Is it thus seen that it is better to limit understeer such that a higher g level is feasible?

This appears to be the only explanation. I was hoping that Ron might respond. I have read a fair number of his responses and understand his point of view.

If interested I have a piece in the new Australian in late October re AL-KO ESC, Dexter DSC and the lesser known IDC systems.

I do I fear share many of Slowmover's reservations re the state of trailer design. The EU is way ahead but does not build trailers of the size used in the USA.

Ours are somewhere inbetween - and with far too low nose mass (as low as <5%) and towed by vehicles often two thirds their weight. The physics relating to their behaviour is however just the same.

I have a large number of articles on my website re caravan & tow vehicle stability (but need to check this forum's rules re Links etc before mentioning that again).

Collyn Rivers
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Old 10-09-2016, 05:34 AM   #34
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Hi Collyn

Below is a column I wrote about the SAE weight transfer recommendation. Certainly there may be something here that I don't understand but try as I might I cannot get the SAE recommendation to be stable.

If I can help feel free to call sometime and if you get to NA sometime feel free to come for a visit and we can do some test drives.

Andrew T

SAE J2807 Tow Rating Standard.
Setting The Torsion Bars:

In previous articles we discussed how to set your torsion bars properly. If you need a refresher here is a quick summary.

1) To set the torsion bars you need a level cement pad. To start, you want the trailer and tow vehicle in a straight line, disconnected, with the coupler ready to drop on the ball.

2) With the tow vehicle in position but disconnected use some masking tape and mark a height on all four corners of the tow vehicle’s bumpers, for example 22 inches, or whatever is appropriate for your tow vehicle.

3) Now that we know how the tow vehicle sits without the trailer, we want to determine the change in position when we connect. Generally the goal is to have the tow vehicle pushed straight down, so the front is pushed down the same amount as the rear.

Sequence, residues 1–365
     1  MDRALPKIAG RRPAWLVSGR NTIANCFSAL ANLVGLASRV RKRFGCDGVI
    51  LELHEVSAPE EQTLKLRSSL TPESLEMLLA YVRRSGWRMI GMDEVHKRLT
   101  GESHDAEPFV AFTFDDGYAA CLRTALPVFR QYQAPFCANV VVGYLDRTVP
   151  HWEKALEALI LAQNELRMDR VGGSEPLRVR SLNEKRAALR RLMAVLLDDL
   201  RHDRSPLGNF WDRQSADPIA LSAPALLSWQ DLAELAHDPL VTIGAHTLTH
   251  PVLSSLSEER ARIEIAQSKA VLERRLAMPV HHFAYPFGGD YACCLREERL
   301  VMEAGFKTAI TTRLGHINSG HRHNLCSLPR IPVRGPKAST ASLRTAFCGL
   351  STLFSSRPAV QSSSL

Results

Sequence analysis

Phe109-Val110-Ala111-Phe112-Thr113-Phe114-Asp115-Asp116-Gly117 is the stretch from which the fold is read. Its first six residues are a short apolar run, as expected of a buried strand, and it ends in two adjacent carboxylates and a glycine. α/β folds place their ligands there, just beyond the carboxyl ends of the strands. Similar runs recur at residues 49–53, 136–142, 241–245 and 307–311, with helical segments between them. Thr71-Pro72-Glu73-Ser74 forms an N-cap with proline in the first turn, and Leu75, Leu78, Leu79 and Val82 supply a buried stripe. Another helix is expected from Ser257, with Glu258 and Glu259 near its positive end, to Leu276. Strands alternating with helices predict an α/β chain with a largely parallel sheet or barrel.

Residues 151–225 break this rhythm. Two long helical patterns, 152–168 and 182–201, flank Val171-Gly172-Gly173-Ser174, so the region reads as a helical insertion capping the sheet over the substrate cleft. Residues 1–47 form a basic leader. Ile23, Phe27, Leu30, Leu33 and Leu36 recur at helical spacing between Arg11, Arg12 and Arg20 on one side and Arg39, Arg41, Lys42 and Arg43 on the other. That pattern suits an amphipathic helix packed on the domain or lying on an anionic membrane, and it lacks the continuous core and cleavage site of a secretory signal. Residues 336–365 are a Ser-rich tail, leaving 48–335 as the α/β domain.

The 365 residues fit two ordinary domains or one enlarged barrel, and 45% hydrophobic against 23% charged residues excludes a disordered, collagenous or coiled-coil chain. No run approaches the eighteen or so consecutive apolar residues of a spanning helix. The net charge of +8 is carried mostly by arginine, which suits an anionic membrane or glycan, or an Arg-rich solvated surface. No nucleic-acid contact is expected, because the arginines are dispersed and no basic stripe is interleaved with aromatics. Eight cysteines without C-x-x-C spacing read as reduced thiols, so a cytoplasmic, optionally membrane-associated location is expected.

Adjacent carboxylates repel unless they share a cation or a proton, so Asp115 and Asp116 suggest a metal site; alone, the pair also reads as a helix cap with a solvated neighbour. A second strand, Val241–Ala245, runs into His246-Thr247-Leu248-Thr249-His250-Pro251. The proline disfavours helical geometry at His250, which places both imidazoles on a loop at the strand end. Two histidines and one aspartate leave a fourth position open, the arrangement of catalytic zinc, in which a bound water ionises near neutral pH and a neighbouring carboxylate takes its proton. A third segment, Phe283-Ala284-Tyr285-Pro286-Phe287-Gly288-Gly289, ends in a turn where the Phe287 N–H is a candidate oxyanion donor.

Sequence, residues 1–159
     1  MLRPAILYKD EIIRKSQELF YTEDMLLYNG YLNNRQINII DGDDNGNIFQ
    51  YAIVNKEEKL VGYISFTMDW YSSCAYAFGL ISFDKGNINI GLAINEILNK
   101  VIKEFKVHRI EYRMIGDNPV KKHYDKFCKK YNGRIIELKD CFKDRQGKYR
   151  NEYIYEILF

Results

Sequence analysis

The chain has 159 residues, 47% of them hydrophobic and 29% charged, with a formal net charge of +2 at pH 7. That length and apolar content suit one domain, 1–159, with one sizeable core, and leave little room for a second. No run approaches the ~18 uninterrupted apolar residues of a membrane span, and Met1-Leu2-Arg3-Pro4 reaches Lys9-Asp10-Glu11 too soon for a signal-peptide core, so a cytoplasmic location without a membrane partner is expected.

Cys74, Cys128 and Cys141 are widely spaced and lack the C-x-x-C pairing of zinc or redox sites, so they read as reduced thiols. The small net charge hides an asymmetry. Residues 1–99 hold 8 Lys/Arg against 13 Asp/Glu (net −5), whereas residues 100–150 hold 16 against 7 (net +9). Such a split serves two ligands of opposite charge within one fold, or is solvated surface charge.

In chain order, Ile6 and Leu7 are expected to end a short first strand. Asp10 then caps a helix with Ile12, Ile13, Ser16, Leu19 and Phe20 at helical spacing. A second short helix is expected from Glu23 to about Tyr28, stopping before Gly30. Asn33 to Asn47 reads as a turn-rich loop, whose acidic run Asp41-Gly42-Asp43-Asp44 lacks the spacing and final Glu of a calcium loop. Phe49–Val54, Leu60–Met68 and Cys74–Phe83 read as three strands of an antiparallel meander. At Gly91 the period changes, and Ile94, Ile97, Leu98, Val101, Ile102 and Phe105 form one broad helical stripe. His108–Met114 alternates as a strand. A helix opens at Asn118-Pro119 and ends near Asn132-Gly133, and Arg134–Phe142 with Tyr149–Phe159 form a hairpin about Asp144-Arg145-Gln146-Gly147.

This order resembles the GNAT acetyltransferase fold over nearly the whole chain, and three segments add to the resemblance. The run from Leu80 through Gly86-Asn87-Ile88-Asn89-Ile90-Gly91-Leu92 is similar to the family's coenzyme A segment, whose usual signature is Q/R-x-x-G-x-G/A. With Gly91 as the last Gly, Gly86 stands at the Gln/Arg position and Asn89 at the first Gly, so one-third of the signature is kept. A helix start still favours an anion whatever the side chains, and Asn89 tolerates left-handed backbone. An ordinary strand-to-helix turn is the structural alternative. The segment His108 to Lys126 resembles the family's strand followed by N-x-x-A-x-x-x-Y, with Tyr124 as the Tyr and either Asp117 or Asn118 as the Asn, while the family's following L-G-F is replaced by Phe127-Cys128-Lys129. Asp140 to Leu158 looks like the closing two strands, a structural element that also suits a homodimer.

4) Connect the trailer, do up the torsion bars and measure the change on the masking tape.

5) You will find that the tow vehicle will have been pushed down by the weight of the trailer. For example, the rear measurement may now be 20” instead of 22” but the front may have come up to 22.5”. In this case, you need to go up to the next link (adding tension to the torsion bars) and measure again.

6) However, you may find that the next link puts you into the opposite position where the front is pushed down 1” and the back stays even at the 22” mark. This means that the torsion bars are transferring too much weight forward.

7) If this is the case then you need a partial link. To do that, overlap two chain links and slide a ” bolt through them. A ” bolt is 1/3 of a link of adjustment so in some cases you will need 2 bolts to achieve the correct transfer.

8) Most tow vehicles will end between 21 ” & 21 ” front and rear if you started with marks at 22”.

9) If you are setting up a new hitch the bars will wear in quite quickly. You’ll likely need to add a third of a link in 2-500 miles. You will need another third after another 500-1000 miles. You’ll probablyy feel the difference in the steering as this happens. After a while it just won’t feel as planted as it was after your initial set up. It’s fine to experiment 1/3 of a link at a time you should notice the difference in steering feel right away if it was the right or wrong change to make.

10) If you can’t get the weight to transfer to the front wheels without your torsion bars meeting the trailer frame then you don’t have enough reward angle on your ball mount, torsion bars too light, a hitch receiver that is too weak, or all of the above.

This is how we have configured hitches for the past 45 years. Because of these articles and internet searches, people with towing stability problems regularly seek us out. This is how we wind up helping them most of the time. A couple of hundred times every year we reconfigure a problem hitch that was installed elsewhere to these new settings. The difference is usually quite dramatic and customers are quite pleased. Now they don’t have to sell their trailer or buy a bigger truck.

The SAE has been working on a tow rating standard that they can use to better determine a vehicle’s tow rating. The standard will be better than nothing but it will still have many issues, the main one being that it is dependent on weight alone. The issue that concerns me most though is that they have come out with a recommendation on how to adjust torsion bars that in my experience is quite flawed.

What most vehicle manufacturers’ use for tow testing are enclosed cargo trailers with test weights inside. This gives the cargo trailers a low center of gravity, and most of them use torsion axle suspensions. Connect a tall RV trailer with a slide-out, leaf springs and no shocks and those handling tests are no longer meaningful. In a cross wind a tall RV trailer will behave much worse, however they did no testing on cross wind effects and really how could they? However most loss-of-control trailer accidents are the result of sudden wind changes.